Book Review: Gilded Wolves

First, I try to keep up with publishing trends as I can. This seems to be one of those “in vogue” type stories, so I’m going to read it. But why, oh why, does it seem like more YA gets published than adult books? Is it just that much more profitable? Is it just that much more advertised?

Whatever. Here we go.

The Book

Gilded Wolves
Author: Roshani Chokshi
Amazon Link

I think this is perfectly billed as YA. It has the right amount of violence, love interest, character balance, and darkness. No concerns whatsoever with how this book presents itself, its material, or anything else. If it looks interesting to you, you can probably go in without expectation that anything will be truly disturbing for you.

Non-Spoiler Review

This book started out like a pretty normal steampunk fantasy. You have four kids with disparate talents and weaknesses, and they all have uncanny levels of education and skill. They want different goals that happen to align, and they fit the “found family” trope (especially because their biological families are dead or useless, etc.). I thought this was all ok, and I think anyone interested in YA would not bat an eye at how Chokshi writes these characters. The reason I think I made this 4 stars instead of 5 was because it did have those YA tropes that I feel cringey about.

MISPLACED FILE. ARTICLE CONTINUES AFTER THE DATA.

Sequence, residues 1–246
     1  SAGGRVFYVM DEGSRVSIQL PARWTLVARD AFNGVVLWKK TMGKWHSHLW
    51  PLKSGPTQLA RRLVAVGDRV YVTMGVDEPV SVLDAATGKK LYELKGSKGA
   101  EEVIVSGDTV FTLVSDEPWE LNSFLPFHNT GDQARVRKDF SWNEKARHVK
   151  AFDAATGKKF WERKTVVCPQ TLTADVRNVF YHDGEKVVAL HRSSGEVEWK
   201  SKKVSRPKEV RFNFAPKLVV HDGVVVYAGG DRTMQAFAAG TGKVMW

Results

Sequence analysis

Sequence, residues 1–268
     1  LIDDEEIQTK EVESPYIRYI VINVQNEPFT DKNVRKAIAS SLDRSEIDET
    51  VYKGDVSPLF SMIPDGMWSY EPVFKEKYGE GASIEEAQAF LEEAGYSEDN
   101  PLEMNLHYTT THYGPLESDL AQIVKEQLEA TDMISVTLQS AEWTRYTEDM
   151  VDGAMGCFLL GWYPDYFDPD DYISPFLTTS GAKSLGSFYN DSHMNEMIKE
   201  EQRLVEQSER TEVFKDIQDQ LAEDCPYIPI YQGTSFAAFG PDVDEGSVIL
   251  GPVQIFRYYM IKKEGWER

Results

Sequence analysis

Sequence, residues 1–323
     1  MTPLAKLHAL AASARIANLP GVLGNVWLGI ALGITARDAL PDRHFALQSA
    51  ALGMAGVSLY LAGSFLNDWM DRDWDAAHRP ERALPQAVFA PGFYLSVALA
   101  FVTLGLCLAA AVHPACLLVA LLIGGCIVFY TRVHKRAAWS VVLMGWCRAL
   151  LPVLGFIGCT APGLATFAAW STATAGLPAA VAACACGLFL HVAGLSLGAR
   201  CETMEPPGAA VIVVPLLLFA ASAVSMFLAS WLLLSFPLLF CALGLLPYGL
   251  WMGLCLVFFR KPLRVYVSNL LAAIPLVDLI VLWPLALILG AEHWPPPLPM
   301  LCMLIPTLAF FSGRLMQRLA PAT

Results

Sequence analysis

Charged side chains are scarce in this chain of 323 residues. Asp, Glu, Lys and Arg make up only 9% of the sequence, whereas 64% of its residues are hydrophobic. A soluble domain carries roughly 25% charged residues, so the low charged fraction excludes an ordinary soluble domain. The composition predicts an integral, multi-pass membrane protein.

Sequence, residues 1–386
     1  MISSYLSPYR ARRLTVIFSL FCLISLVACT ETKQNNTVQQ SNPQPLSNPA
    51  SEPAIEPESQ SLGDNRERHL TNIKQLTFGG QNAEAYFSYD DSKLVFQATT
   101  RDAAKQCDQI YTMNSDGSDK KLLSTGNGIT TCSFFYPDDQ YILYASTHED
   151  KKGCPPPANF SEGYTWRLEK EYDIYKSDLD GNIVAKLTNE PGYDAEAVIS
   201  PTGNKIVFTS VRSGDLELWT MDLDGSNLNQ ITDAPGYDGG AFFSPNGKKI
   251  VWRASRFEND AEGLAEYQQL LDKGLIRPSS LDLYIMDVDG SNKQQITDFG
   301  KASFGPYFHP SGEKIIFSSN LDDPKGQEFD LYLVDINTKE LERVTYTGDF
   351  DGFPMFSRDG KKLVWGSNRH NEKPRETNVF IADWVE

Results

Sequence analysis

I really liked the concept of the forge and how the world’s magic worked. Chokshi used these concepts to great effect in making her commentary on colonialism/post-colonialism. By using a diverse set of characters and not using their races in a tokenistic fashion, Chokshi came up with something devastatingly unique in a genre I find clogged with nonsense.

I was fascinated by the character concept of Laila. She was a stillbirth, but through the magic of her local area (India), her parents brought her back – questionably, we might add, with a soul. Her struggle was to either gain a soul or ensure she had one before her time on earth ran out. I did not like the very end where she entraps Severin into a relationship, but throughout most of the book that relationship is very tightly done.

I recommend this to fans of YA adventure or steampunk. If you like kids doing cringey YA things on a treasure hunt, this is for you.

4/5 Discoball Snowcones

Next week:

We’re going to read a classic mystery: Agatha Christie’s And Then There Were None!


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